Variable inner ear malformations mondini malformation

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variable inner ear malformations (Mondini malformation with or without enlarged vestibular aqueduct). Abn. Vestibular function Recessive- 3 rd most common Jervell and Lange Nielsen Prolonged QT syndrome- history of SIDS or sudden death
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Laboratory testing Dx in first 2 weeks- culture of saliva or urine for CMV In older children with hx of renal disease ; urinalysis for hematuria and proteinuria suggestive of Alport Syndrome
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Other Testing Electrocardiography is indicated if there is a family history of prolonged QT interval or sudden death, or if medical history is significant for syncope, arrhythmia, or history of ALTE. An ECG should also be considered in all infants with severe-profound sensorineural hearing loss of unknown etiology.
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Referral to Pediatric Otolarygology Performs a comprehensive evaluation of the head and neck and can help in the identification of craniofacial malformations associated with hearing loss. Should work closely with the audiology team (including Early Intervention specialist) to determine intervention planning for hearing loss. Performs surgical intervention if necessary (e.g., tympanostomy tubes, reconstruction, cochlear implant, bone-anchored hearing aids).
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Pediatric Ophthalmology Every child with confirmed permanent HL should undergo annual evaluation by an ophthalmologist to determine visual acuity and evaluate for concomitant vision disorders (e.g., Usher Syndrome, cataracts ).
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Summarizes the Medical Work-up Physical exam Skin dysplasia, or atresia, craniofacial abnormalities, skeletal abnormalities Dysmorphism MEE Family History of HL onset <30 years History of care in NICU for > 5 days Urine Culture for CMV- most common infectious cause CT of inner ear to r/o anatomic abnormalities Genetic studies to r/o Connexin 26 and 30/other EKG for severe/profound to r/o long QT Syndrome Consults with otolaryngology, genetics, and ophthalmology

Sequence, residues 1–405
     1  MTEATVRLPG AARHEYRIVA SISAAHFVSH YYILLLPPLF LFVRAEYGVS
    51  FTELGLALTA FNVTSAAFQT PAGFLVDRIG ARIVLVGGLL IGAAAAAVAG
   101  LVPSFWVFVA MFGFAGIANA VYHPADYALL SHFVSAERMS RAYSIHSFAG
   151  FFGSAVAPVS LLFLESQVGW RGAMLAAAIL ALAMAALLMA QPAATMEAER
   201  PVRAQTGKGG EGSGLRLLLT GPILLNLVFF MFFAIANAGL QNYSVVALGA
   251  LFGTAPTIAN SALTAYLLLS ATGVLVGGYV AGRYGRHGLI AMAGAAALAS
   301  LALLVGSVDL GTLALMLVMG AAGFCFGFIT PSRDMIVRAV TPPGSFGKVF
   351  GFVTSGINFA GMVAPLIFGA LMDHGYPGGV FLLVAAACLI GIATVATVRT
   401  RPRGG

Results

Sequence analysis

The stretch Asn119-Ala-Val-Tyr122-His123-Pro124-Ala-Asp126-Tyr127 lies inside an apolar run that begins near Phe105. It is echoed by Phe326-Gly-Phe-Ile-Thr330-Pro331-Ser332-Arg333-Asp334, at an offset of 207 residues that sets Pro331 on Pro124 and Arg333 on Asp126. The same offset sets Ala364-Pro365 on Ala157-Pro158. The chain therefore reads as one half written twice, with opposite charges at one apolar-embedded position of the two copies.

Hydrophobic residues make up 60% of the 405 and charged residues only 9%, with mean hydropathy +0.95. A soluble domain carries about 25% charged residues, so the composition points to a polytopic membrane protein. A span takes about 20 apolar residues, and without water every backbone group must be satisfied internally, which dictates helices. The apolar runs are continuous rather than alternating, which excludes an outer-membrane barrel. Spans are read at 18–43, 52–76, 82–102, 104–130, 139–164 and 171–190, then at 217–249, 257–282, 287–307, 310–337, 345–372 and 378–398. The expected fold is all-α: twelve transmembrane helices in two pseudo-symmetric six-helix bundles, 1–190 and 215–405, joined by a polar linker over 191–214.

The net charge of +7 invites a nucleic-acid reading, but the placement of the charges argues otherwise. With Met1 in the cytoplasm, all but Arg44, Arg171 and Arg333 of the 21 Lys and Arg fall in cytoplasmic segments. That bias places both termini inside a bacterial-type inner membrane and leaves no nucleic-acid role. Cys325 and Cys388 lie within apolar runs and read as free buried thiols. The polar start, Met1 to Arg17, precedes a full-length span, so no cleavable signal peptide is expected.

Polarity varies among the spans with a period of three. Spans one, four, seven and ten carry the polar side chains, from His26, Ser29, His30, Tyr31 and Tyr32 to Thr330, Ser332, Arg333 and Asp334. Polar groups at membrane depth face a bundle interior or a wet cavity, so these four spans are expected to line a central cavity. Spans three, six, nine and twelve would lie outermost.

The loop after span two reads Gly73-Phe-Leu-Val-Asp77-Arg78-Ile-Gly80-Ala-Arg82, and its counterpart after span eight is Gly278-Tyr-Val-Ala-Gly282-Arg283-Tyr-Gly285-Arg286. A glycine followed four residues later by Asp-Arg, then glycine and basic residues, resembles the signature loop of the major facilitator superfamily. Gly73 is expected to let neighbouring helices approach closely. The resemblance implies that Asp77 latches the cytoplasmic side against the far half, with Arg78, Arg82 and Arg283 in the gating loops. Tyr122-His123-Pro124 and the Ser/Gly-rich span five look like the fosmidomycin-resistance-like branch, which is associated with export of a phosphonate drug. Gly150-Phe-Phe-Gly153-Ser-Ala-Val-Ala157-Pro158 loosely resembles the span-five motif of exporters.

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New Protocol in WBN Well-babies screened and not passed by AABR may be rescreened and passed by OAE ; The WBN rate of AN < 1%. Although there is a possibility of missing AN, there is an unacceptable high “loss-to-follow-up” rate for infants who do not pass the birth screen and fail to return for rescreening. The revised recommendation is that WBN screen and second in-hospital screen may use either OAE or AABR. However, the recommendation to rescreen using only AABR for the infant who does not pass initial AABR continues to be the Committee’s preferred protocol
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Frequently Asked Questions by parents
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EHDI A reconsideration for 1-3-6 m screening completed by 1 m, audiologic diagnosis by 3 m, enrollment in Early Intervention by 6 m be updated to the recommendation of 1-2-3 m Earliest age of identification is encouraged to provide audiologic testing in natural sleep and to facilitate early access to language
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Surveillance in the Medical Home All infants should have regular surveillance by their PCP consistent with the pediatric periodicity schedule of: auditory skills developmental milestones parent concerns regarding hearing or language middle ear effusion
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  • Fall '19
  • Otology, Sensorineural Hearing Loss, Tinnitus, Hearing impairment, Long QT syndrome

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